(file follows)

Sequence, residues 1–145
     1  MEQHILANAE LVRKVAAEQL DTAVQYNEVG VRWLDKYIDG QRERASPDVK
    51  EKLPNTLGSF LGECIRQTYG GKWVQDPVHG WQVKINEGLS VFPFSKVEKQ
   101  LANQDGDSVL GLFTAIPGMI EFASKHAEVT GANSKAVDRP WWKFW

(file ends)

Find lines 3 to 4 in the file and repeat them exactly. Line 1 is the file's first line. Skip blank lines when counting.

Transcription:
    51  EKLPNTLGSF LGECIRQTYG GKWVQDPVHG WQVKINEGLS VFPFSKVEKQ
   101  LANQDGDSVL GLFTAIPGMI EFASKHAEVT GANSKAVDRP WWKFW